Researchers think they've found a link between prenatal and early childhood exposure to air pollution and autism. The findings, by the University of Pittsburgh, are considered preliminary, The Allegheny Front reports.
Principal investigator Evelyn Talbott’s team interviewed more than 200 families with children on the autism spectrum in western Pennsylvania.
Autism diagnoses have risen sharply, about eight-fold in 20 years. Talbott says research into other potential causes, like genetics, is inconclusive. So, Pitt started looking at environmental factors, like air pollution from industry and transportation.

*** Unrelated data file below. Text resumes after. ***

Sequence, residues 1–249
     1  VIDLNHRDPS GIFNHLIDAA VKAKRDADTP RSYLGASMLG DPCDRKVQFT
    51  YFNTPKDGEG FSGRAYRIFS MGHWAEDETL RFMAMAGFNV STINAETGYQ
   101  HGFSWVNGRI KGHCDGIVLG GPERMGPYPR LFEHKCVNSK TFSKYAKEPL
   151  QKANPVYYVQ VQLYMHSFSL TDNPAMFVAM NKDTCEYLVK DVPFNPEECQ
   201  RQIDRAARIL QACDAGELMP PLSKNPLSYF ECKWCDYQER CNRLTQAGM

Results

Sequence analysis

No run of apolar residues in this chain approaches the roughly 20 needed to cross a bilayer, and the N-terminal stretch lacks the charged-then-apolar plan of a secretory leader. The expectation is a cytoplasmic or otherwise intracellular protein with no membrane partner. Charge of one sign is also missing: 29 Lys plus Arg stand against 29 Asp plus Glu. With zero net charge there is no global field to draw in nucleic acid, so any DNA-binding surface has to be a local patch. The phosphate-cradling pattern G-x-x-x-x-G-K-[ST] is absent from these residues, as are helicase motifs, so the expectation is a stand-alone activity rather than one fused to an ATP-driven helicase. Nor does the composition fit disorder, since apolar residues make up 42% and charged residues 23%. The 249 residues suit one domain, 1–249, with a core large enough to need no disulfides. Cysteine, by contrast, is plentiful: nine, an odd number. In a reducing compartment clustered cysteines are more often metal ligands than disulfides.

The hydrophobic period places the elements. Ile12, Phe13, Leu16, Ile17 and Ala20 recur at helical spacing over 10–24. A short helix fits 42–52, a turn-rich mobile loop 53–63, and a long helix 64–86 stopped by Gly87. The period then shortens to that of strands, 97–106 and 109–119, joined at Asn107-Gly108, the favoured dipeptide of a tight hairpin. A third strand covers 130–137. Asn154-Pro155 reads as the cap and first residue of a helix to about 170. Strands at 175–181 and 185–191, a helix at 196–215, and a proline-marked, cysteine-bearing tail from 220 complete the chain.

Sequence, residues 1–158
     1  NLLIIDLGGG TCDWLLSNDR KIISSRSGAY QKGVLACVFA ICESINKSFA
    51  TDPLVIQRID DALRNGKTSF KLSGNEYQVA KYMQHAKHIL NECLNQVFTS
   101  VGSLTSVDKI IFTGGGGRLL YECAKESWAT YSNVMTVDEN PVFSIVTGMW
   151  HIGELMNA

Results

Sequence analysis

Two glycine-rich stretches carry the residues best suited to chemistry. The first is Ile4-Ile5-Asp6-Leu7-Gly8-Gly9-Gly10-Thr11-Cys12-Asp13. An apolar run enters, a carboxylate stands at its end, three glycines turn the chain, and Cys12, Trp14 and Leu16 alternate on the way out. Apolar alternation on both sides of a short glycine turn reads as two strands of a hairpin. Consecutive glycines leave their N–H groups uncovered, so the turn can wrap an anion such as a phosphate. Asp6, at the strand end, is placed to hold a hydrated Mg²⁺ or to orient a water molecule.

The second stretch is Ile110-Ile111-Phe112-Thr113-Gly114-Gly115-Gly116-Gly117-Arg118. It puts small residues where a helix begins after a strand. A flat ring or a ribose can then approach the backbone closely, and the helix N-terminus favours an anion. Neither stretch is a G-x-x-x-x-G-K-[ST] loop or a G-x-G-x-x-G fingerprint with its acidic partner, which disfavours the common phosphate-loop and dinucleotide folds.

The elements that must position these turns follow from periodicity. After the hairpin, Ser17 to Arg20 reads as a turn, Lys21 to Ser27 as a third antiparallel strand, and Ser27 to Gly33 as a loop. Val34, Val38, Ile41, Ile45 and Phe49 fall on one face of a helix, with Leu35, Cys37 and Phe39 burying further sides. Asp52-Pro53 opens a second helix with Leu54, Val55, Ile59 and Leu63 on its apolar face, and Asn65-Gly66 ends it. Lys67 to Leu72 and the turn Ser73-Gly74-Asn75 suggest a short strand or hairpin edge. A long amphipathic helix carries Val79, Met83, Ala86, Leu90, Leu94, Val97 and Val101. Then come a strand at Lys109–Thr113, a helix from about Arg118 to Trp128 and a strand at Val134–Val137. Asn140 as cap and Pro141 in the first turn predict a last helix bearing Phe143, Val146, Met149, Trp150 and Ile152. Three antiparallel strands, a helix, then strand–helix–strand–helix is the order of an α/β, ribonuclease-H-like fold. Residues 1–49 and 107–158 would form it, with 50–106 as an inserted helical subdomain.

“There are more and more cars on the road,” Talbott says. “There are many chemicals out there that we should look at.”
Talbott’s team evaluated kids exposed to certain pollutants in utero to up to two years of age. They found autism levels up to twice as high as in children without those exposures. The researchers honed in on pollutants known to disrupt children’s endocrine systems and neurological development.
The Pitt study builds on three others that looked at children in North Carolina and West Virginia, California, and the U.S., and have similar results.
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